The Passive Income Medium Game

Photo by Michael Longmire on Unsplash

Give it time and be persistent and consistent

Any Medium reader or writer knows there is an endless stream of articles about making money with the platform. Articles outlining how one piece made thousands or about a writer’s system for making money consistently. Some focus on their first paid writing project, which is great as a motivator but ultimately means you really don’t know much, yet. So, is there a formula for financial success here?

There are obviously writers making real money consistently, the ‘superstars’ of the platform. But they are outliers, from what I can tell after two years writing here and publishing hundreds of pieces. Medium tells us how many writers were paid a hundred dollars or more in the past month and, frankly, it is not many. But after these two years, I’m seeing a pattern emerge in my situation and it is centered around passive income from all those articles.

Passive income is income derived from work you have already completed

To clarify, if a client asks me to write a blog post and we agree on a deadline and a price, that income is not passive income. It is active income, aka work for hire. This is how I make most of my money as a writer.

Passive income comes from work that earns without you having to do anything. My book royalties are passive income. One title has generated quarterly checks for over twenty years, which is an amazing thing. But most writers today won’t have that opportunity because publishing has changed. Self-publishing and, honestly, places like Medium, have made distribution of writing very easy to set up, but they have generally diluted the amount of money available.

Putting articles into the ‘bank’

The bank I’m referring to is your entire inventory of past stories you’ve published on Medium. I call it a bank because the content is still out there to be found and read and it still can make money for years after you publish. Many of my old stories continue to earn small amounts of money each month and when you have hundreds they start to add up, like interest on your writing investment.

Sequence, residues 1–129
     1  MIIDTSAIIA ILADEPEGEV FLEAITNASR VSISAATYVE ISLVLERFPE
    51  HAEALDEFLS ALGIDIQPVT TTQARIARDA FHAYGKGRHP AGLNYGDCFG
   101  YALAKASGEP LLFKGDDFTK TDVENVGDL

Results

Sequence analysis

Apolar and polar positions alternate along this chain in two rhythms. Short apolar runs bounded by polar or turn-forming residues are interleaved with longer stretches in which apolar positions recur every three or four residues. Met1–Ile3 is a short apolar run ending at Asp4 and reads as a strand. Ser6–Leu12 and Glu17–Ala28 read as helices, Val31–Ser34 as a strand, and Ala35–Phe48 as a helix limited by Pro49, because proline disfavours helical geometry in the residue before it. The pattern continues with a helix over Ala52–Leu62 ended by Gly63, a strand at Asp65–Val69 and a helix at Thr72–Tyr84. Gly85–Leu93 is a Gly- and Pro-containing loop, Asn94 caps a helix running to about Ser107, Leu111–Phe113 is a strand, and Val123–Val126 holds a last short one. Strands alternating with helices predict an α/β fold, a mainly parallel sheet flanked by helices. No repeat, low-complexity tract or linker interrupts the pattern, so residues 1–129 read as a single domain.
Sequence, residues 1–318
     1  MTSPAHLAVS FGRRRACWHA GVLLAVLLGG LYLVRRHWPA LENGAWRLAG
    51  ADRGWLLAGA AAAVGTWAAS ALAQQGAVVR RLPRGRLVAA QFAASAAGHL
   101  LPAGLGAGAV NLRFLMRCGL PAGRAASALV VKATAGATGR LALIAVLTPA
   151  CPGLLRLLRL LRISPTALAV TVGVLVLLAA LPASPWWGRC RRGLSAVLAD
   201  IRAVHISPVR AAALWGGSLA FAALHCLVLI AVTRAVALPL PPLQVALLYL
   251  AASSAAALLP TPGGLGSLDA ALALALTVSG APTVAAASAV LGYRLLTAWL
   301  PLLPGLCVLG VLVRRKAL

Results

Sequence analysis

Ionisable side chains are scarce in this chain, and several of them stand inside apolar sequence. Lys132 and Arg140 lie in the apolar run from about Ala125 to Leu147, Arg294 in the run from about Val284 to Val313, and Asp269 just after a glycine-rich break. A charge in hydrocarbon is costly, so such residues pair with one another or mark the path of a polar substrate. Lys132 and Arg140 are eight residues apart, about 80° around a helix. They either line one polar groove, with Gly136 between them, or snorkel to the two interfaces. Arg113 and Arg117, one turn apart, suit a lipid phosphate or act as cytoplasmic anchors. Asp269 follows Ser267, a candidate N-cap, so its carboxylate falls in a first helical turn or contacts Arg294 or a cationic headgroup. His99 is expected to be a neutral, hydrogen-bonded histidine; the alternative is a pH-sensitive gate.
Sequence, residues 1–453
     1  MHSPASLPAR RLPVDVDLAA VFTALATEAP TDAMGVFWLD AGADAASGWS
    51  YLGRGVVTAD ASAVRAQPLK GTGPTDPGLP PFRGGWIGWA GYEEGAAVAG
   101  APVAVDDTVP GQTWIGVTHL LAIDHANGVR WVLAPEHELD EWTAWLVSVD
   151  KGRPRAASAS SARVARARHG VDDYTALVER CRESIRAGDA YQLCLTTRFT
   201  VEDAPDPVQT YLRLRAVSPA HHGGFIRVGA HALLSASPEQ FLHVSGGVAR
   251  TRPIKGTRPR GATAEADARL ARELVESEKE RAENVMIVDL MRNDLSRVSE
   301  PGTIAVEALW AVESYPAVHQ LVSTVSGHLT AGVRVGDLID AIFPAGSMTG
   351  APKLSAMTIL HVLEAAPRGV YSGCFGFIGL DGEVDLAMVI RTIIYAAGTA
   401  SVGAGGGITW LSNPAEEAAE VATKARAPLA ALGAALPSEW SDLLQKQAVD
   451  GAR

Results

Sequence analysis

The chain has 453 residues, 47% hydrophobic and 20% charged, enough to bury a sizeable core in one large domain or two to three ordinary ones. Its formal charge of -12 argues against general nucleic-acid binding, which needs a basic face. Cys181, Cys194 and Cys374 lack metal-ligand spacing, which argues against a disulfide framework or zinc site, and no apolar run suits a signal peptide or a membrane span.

We all want to have those consistent hits that make the big bucks and bring in lots of loyal followers. But it is a Catch 22 situation (Google it) in that it is a lot easier to have consistent hits if you have had big hits, because your stories are distributed more when you have more followers. And you get more followers from having hits. That’s the catch.

But those articles in the bank can keep making you money in between hits. That is one way to play the Medium game.

I don’t write here for the money

Don’t get me wrong, I love getting those deposits into my account every month. But Medium gives me, as a professional, a place to indulge myself as a writer and write about things that are not my paying business writing. Things like cooking, psychedelics, marketing theory, self-improvement and growth, etc. Just stuff that interests me. So I’m happy with the passive income Medium game and just view it as a bonus.

Views and Reads don’t always add up to revenue

My most popular article made a lot less than a midrange article, in spite of having over 10 times as many views and reads. When you compare the stats between the two, it turns out that the very popular piece got most of its traffic from outside Medium. The particular publication that published it promotes very aggressively on social media and search. But those views and reads don’t pay anything because most of those readers are not paying Medium members.

Because of this I’m avoiding those publications that do a lot of promotion on other platforms, in spite of those big numbers. I realize this seems counterintuitive but I am an analytics person and these pubs skew my numbers. Though I’m not here for the money, I’m also not here for pubs that use my content only to get traffic. They obviously have put their traffic ahead of writers getting paid.

I don’t mind writing for free, if that is my choice. Otherwise I expect to get paid like any other professional. It’s a rule I set for myself years ago and it serves me well. Others may choose differently.

Former software marketer. Former musician. Writer, nine non-fiction books, two novels, Buddhist, train lover. Amateur cook, lover of life most of the time!

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